Construction loans are usually delivered interest-only, meaning the repayments are lower during the construction phase. Once construction ends, the home loan might roll over into a regular mortgage with P&I payments. This means you will pay down the principal of the loan, which will see your regular repayment amount increase significantly. This change can be quite pronounced.
If the total home loan including construction is 30 years, and if your build took two years, your principal repayments would be condensed into 28 years. This makes them higher-looking than if you just bought an established property. However, hopefully the construction works out to be more cost-effective than buying established.
Construction loans does not work the same way as a regular home loan. A construction home loan covers the expenses you incur as you build your own home.
Construction loans have an entirely different structure than the typical housing loan. If you use a construction loan, the amount you estimate your home might be will not be given away in lump sum — instead, your lender will be giving you portions of your loan in progression, or what are widely-known as draw-downs or progress payments.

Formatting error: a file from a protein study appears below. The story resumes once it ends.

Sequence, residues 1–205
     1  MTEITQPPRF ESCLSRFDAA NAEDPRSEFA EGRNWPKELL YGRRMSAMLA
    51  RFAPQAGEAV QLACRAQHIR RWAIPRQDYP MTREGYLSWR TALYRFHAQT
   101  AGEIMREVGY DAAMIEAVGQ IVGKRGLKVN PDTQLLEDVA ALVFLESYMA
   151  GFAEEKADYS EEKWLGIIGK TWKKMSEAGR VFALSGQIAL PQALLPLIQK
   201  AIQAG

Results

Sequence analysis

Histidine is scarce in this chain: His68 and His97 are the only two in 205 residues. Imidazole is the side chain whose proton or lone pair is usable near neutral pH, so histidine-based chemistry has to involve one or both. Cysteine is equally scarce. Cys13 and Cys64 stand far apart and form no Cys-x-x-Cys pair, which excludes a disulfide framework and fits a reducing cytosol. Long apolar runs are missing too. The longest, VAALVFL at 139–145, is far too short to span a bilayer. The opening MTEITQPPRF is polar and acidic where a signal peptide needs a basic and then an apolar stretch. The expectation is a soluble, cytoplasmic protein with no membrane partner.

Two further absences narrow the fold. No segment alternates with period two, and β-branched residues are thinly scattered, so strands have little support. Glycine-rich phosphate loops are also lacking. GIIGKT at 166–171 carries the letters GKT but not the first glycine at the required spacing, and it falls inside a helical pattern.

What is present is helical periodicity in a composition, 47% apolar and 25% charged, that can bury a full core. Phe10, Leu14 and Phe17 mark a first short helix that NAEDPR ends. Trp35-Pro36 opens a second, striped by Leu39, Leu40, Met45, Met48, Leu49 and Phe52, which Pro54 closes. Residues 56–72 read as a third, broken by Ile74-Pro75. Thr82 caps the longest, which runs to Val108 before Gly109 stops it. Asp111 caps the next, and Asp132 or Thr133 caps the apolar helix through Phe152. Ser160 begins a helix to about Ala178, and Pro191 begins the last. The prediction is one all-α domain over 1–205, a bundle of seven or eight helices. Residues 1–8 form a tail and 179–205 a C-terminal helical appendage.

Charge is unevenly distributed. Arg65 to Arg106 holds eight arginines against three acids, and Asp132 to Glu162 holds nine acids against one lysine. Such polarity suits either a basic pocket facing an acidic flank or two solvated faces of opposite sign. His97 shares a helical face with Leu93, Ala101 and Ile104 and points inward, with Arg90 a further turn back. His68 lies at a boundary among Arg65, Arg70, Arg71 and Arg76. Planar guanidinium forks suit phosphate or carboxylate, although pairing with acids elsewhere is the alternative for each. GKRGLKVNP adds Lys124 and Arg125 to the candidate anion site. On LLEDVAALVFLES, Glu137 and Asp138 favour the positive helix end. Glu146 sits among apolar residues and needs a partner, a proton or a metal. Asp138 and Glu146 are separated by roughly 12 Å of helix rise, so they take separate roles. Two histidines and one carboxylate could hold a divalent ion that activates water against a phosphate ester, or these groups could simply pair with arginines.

However, you need to come up with a deposit that will cover the initial cost of the materials needed to start construction. Typically, the amount of down payment your lender will require is 5% of the total building cost.
Find answers to frequently asked questions about construction home loans. Yourmortgage.com.au helps property owners to increase their insights on loans for construction purposes.
When entering a construction contract, you and the builder must negotiate whether to have a fixed-price or a cost-plus arrangement.
A fixed-price contract is better for those with tight budgets, as it states the cap on the budget for the construction.
A cost-plus contract, on the other hand, may be better for those who want the highest quality materials for the construction of their home. This, however, could be prone to disputes over price calculations.